Whoever designed this big builders’-supply store did not want me to conclude that I am ever finished shopping. As the checkout line channels me past a display of flashlights, I wonder, “Am I sure I have enough?” A few feet farther along, I am cleverly positioned in front of thousands of batteries. This time there’s a sign, “Are you sure you have enough?” My insecurity is being manipulated for profit.
I wonder what would happen if I asked the lady in front of me, “Excuse me, ma’am. Could you tell me please, what’s the purpose of a flashlight?” Might this weary shopper respond, “Umm . . . to use up batteries”?
While I’m waiting, I wonder how it would sound to God when a human being says, “My purpose in life is to use up batteries.” After all, aren’t food and clothing just fuel, a source of energy—like flashlight batteries? But my insecurity makes me worry: “I run on food and clothing. My car gulps gasoline. The bank demands my mortgage payment on time. So yes, my goal this week is to earn money to ‘buy more batteries.’ ”
If I could just get out of this store long enough to listen. Jesus once said that a bird could teach me a lesson about worry, about acquiring and possessing.
What’s the purpose of any creature’s life? Survival? Look at the birds. Do swallows sow seeds in spring? Will that crow cultivate them? Can that red-tailed hawk harvest the crops in fall?
Ask yourself what message it sends to your Father when you worry. Isn’t it that you doubt his power or desire to supply you?
A casket rests under a tent in the cemetery. What of that person’s former stress and worry?
Jesus, in sharpest contrast, voluntarily gave his life away. If surviving for one more day had been his goal, he’d never have yielded to the cross. But he was doing what his Father asked—and what we needed.
When a flashlight fails, it goes into the landfill. When a bird dies, it crumbles into dust. But Jesus’ body did not see corruption, for his Father gave life to him. The Father decided that his child should live. And he did.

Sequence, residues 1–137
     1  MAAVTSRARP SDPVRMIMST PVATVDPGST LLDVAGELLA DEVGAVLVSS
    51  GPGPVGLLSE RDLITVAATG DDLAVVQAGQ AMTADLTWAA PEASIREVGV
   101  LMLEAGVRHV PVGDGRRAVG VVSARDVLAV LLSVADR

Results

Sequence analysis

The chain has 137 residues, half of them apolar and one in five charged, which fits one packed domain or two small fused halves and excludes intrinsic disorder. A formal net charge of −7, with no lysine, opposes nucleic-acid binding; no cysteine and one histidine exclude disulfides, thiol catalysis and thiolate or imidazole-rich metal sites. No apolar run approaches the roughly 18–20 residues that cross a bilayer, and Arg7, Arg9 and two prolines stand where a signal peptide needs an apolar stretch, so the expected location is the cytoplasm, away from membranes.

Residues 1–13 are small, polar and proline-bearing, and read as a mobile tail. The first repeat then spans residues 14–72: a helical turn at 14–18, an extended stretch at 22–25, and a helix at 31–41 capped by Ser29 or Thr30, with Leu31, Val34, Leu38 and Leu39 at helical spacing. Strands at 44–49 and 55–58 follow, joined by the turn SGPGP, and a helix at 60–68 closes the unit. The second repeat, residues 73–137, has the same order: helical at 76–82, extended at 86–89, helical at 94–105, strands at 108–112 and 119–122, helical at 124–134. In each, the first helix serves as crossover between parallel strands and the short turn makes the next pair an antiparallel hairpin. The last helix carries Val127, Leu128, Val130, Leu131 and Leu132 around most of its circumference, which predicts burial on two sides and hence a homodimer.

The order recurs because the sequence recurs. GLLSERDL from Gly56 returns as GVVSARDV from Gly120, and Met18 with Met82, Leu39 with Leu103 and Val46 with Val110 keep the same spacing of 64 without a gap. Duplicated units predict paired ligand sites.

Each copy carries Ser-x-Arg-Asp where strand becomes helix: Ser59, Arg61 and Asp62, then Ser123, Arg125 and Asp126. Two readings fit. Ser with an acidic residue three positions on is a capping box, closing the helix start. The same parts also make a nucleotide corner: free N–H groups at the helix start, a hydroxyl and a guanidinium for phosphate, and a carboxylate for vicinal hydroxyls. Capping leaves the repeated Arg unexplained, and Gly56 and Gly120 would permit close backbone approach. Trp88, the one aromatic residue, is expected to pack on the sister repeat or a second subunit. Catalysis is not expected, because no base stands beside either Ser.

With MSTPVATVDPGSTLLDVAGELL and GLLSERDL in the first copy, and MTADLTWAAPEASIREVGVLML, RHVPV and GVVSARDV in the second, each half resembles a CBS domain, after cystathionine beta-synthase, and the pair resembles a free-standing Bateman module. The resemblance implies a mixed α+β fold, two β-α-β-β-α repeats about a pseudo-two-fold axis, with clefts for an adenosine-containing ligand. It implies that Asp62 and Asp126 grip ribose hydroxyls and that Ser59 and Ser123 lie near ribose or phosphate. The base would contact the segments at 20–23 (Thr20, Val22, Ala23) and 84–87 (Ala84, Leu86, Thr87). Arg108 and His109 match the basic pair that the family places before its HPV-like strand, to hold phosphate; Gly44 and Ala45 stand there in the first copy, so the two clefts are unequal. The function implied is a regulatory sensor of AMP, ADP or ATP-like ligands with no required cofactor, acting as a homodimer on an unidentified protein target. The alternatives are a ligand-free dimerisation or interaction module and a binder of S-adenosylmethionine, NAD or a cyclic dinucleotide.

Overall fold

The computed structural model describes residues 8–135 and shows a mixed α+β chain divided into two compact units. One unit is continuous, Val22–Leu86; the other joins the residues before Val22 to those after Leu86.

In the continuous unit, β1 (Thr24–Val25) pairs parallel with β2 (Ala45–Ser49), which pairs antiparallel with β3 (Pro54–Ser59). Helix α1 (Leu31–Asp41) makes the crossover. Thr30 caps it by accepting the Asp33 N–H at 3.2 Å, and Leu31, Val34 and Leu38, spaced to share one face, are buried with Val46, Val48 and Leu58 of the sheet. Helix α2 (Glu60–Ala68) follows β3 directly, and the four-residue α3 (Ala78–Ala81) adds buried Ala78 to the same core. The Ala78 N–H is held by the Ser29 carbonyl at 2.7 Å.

This indestructible Jesus now calls you to trust his Father as your own. That means you’re permitted as much stress about food and clothing as Jesus had. No more worrying about the fuel you require as you serve your neighbor and your Savior.
“Look at the birds,” says Jesus. Can a Canada goose keep his extras in little blue silos? Do sparrows speculate on grain futures?
Ask yourself if your worry ever changed anything for the better. Did it bring back anything you lost or wasted? Did it buy you more time? Did it make you more fun to be with?
Your Creator supplies his creatures with what they need. And I know you’re thinking about this: when your tour of duty is carried out, when your tired body rests in the ground, God has decided to give you life yet again in his bright country.
God somehow daily provides for and protects his birds. He will never forget about his own dear children, adopted at the price of Jesus’ trust and blood.
“Look at the birds of the air; they do not sow or reap or store away in barns, and yet your heavenly Father feeds them. Are you not much more valuable than they? Who of you by worrying can add a single hour to his life?” (Matthew 6:26,27).
Living Hope Lutheran Church, Omaha, NE